(Corrects month in third graph to February from April)
LONDON, July 25 (Reuters) - Publishing group Pearson posted a 41 percent slump in first-half profit, reflecting increased restructuring charges, currency movements and the impact on margins of the phasing of revenues into the second half.
The company, which makes over 70 percent of its revenue from educational publishing and also owns the Financial Times newspaper, said on Friday its outlook for the year was unchanged.
Pearson, which warned on earnings in February, made adjusted operating profit, excluding the sold Mergermarket business, of 73 million pounds ($124 million) in the first half of 2014, down from 124 million pounds last year.
Net restructuring charges were 43 million pounds, up from 29 million pounds in the same period last year.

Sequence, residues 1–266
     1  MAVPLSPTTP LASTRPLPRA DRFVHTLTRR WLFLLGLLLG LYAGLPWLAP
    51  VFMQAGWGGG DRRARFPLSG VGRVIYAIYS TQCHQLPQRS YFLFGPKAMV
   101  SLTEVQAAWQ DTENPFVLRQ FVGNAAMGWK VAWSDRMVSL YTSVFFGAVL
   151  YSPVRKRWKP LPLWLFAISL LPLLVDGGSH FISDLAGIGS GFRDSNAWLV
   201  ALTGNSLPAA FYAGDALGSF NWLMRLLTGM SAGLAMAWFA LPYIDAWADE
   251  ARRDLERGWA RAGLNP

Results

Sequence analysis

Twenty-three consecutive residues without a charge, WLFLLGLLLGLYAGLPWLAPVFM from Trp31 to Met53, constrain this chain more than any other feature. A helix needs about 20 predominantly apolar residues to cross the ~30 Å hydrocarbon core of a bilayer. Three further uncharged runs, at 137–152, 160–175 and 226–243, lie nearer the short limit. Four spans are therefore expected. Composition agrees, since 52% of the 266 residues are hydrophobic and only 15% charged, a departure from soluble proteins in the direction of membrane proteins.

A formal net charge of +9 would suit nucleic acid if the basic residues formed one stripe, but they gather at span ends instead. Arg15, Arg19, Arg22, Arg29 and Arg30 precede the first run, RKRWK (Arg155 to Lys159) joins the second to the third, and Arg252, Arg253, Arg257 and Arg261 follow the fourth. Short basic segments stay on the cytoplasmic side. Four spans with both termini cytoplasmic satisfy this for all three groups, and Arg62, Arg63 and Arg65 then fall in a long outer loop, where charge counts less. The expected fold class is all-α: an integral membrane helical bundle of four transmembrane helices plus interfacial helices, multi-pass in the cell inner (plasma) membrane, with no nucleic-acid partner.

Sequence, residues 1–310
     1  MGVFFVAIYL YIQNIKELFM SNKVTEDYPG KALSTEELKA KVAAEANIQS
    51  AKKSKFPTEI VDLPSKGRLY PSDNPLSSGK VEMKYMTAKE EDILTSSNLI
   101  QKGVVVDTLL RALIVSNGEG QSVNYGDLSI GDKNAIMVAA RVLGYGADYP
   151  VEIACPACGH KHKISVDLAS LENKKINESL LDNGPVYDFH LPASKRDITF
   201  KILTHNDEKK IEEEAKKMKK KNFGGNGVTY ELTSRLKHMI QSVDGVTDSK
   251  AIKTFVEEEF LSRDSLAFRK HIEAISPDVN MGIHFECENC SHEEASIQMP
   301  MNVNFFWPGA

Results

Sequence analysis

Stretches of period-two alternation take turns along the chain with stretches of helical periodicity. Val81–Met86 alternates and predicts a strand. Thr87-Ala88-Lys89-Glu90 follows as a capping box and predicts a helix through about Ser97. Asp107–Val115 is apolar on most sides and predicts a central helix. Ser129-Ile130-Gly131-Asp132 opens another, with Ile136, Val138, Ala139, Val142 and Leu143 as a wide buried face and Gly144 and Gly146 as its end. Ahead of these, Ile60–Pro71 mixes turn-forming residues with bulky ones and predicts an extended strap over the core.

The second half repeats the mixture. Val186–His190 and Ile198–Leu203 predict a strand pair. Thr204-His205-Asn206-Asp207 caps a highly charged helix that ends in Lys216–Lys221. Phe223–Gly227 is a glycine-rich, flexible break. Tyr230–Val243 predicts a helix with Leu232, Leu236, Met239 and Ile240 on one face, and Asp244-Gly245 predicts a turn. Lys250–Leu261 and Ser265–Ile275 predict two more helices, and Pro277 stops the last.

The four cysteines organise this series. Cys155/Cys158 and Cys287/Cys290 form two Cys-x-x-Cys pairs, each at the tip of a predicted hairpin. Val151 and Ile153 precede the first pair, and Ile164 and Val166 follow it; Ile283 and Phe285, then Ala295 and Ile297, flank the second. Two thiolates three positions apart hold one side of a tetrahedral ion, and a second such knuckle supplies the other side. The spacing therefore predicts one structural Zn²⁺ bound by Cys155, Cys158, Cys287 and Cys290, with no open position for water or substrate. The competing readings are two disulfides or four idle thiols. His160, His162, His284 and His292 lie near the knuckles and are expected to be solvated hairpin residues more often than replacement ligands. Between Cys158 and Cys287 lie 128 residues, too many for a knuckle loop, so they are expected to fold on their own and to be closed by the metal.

Pearson posted adjusted earnings per share after restructuring charges of 4.7 pence, down from 9.9 pence, but raised its dividend 6 percent to 17 pence “reflecting our confidence in our prospects”.
Shares in the group, down 13 percent over the last year, were trading up 3 percent at 1,134 pence at 0712 GMT.
Analyst Gareth Davies at Numis, who has a “hold” rating on the stock, said the results were broadly as expected, with the increased dividend a positive.
First half sales at constant exchange rates rose 2 percent to 2 billion pounds, reflecting growth in digital, services and emerging markets, offset by the impact of school curriculum changes in the United States and Britain.
Pearson maintained its guidance for adjusted earnings per share of 62-67 pence for the full year.
$1 = 0.5886 British Pounds Reporting by James Davey; Editing by Paul Sandle and David Holmes